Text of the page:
Friday, December 5, 2008

DH's Thoughts

The mission was to get the line cleared.  And we succeeded.
I must admit, however, I would not be eager to do this particular drill again.

We got it done, thanks to the power of prayer, some planning  and a very resourceful surgeon.  The surgeon, Dr.Sidney Guo, is a young Chinese man, who is also an accomplished violinist.

I liked him instantly; he reminded me of Michael.

Departing from the usual practice,  we did the carotid artery operation without general anesthesia.  This was done primarily so I could signal the surgeon immediately if anything broke loose.

In effect I was serving as another monitoring instrument.  The operation went on for about two hours,  During this entire time I was either conversing with or exchanging signals with the surgeon and his surgical nursing staff  to keep them apprised of the fact that nothing had gone amiss.

The purpose of the operation to clear the carotid artery was to prevent any future TIA's.   A TIA would require discerning the threat and responding within minutes.  The down side of the surgical remedy was the fact that the operation could knock some plaque loose and thereby  precipitate a stroke, disability or death.

I assured the surgeon that although I did not fear death, I was in no rush. In any event we decided to "go for it".  Thanks to our resolve and steadiness, the surgeon's skill and the grace of God, we succeeded with this major operation under local anesthesia.  Rounding out the plan, was  a nap after the operation in the Recovery Room. And after my nap I was ready to go by 5 PM on Wednesday.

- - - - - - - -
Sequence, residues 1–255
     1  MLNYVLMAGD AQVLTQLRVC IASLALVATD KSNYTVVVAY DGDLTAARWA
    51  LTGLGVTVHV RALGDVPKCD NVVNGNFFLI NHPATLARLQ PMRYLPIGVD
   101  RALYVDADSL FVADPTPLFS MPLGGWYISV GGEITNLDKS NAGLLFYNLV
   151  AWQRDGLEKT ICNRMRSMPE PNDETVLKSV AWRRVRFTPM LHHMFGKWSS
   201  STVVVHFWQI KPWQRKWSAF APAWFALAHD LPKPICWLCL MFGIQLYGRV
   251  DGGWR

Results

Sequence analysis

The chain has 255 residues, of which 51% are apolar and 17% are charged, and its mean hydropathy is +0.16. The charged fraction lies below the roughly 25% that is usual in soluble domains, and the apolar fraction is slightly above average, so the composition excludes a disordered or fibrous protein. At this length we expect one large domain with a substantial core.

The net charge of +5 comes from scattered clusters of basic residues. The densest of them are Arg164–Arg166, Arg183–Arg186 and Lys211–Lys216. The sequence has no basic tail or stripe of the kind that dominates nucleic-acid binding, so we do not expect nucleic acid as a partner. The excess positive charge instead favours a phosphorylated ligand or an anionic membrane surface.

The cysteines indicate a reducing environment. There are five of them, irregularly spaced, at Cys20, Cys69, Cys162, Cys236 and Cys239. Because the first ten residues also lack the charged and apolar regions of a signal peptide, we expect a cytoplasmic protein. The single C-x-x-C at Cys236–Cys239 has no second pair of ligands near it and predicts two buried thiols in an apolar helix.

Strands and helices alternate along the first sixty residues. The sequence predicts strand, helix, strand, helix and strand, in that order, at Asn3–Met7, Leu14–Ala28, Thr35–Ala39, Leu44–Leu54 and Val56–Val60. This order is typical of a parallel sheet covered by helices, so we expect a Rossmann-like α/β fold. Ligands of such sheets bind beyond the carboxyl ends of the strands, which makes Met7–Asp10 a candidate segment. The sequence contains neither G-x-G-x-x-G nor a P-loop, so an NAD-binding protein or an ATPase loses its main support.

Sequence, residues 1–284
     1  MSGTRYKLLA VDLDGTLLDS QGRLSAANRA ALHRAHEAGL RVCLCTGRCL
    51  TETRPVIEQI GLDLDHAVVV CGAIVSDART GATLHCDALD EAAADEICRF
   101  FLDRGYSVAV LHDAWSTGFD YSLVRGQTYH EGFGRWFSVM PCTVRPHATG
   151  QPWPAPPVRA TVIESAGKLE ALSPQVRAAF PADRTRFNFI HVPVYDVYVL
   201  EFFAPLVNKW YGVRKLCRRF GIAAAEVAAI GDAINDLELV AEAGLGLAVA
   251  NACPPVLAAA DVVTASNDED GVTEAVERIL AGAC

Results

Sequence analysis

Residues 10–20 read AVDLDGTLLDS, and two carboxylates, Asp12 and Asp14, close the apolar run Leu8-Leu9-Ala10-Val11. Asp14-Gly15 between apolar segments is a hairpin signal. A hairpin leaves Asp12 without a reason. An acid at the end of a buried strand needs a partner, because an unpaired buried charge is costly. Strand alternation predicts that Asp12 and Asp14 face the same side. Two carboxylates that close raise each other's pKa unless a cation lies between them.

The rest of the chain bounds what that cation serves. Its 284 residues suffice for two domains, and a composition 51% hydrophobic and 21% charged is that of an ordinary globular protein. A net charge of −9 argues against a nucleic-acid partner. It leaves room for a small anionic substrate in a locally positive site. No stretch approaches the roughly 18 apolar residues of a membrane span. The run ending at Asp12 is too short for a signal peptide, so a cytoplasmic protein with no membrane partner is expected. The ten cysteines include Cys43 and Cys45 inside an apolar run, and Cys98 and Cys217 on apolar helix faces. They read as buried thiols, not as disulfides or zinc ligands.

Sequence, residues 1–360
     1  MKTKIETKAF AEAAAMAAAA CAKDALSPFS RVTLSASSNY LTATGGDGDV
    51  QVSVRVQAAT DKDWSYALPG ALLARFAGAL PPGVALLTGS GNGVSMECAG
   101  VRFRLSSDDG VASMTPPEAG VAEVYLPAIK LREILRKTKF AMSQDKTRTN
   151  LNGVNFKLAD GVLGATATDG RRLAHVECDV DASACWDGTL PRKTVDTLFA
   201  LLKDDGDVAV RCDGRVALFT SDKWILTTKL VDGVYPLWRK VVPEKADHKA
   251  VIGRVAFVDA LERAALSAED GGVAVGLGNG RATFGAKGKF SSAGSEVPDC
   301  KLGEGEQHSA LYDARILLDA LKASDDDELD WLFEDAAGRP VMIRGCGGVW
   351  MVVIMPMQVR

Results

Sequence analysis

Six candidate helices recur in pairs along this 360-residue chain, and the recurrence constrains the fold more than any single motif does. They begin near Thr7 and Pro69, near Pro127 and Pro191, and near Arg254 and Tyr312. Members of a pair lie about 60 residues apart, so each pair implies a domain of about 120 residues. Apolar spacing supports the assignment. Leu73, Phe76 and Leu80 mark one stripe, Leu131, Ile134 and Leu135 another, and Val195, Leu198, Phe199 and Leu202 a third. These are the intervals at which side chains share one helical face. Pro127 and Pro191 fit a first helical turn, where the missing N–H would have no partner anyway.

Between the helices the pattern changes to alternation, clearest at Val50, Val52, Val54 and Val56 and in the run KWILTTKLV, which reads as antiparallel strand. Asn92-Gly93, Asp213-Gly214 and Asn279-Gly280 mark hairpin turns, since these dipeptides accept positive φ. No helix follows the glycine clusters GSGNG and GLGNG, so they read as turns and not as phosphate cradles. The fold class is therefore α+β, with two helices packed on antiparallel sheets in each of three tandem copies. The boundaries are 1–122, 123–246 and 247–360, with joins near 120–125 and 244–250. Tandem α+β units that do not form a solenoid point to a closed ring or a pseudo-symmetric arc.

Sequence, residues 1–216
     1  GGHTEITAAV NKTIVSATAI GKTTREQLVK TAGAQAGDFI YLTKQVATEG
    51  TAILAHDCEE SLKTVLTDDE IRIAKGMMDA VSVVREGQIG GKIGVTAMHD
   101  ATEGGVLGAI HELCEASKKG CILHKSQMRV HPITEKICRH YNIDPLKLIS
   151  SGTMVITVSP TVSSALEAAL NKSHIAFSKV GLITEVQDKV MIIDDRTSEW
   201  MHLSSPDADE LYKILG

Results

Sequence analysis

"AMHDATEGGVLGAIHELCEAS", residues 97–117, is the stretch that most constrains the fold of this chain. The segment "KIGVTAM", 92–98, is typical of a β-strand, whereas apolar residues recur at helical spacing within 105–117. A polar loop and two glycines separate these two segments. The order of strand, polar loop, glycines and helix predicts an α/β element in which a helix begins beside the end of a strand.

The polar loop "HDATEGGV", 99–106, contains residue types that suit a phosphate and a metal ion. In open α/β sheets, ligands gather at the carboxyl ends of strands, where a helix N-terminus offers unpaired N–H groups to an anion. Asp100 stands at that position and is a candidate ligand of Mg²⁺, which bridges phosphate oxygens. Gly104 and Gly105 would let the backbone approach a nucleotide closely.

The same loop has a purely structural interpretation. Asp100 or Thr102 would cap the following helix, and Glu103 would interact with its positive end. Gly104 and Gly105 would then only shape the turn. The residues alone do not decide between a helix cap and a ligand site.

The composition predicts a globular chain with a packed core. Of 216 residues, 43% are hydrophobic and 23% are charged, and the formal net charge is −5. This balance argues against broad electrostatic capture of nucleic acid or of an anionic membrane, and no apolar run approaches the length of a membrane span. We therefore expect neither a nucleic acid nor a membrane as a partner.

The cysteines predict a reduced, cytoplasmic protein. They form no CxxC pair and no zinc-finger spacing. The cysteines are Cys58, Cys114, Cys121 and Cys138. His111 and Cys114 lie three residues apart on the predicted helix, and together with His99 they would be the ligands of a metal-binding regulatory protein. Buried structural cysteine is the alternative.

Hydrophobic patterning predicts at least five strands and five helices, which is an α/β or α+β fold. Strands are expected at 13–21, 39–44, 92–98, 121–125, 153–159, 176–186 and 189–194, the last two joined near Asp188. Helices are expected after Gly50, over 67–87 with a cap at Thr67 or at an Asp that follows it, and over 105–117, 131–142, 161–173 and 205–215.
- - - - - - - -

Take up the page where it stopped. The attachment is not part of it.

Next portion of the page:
Prayers are always welcome; even now when we are "out of the line of fire" and well along in the recuperation phase.

Dr. Guo came by Thursday morning to cut off the bandages and remove the drain.  The surgical site was drained of about 30 or 40  cc's of  blood during the night.

I walked in to the hospital  at 8AM on Wednesday.  The operation "teed up" at 9:30 AM Wed. and  I walked out at Noon on Thursday.

All that remains now is a half dozen butterflies and some tape over the wound.


Thursday noon I made my escape from the hospital after a 30 hour marathon effort including a very successful operation.

  Was helped by lots of  prayers, which were very effective

  I will be working from home on "light duty"  probably through Monday.

  If you ever need to know how it feels to be awake and alert and conversing with the surgeon during a major operation I can now tell you from first hand experience.

  My left carotid  artery was operated on yesterday morning.  During the two hour operation I was totally awake and "working with" the surgeon. Through his questions to me and my responses and pre-arranged signals back to him and the surgical nurses, he could track "live and in real time" the effects on my brain and thinking ability of his excising, reconnecting and reinforcing a damaged spot in my left carotid artery.

   An interesting experience. 
   A close call.
   And a clear success.
   Deo gratias


Here is a walk through of some recent medical adventures, during which some valuable lessons were learned.

At the overview level the story is as simple as  A, B, C
A.   A Transient Ischemic Attack (TIA) in 2006.
A TIA is a temporary and mild stroke that passes within  a short time: ranges from a few minutes up to a few hours.The TIA does no lasting damage to the brain.  A stroke however does inflict lasting damage up to and including  death.   A TIA is a warning sign that something is amiss.  A TIA may be followed by a stroke, particularly if the TIA prompts no changes.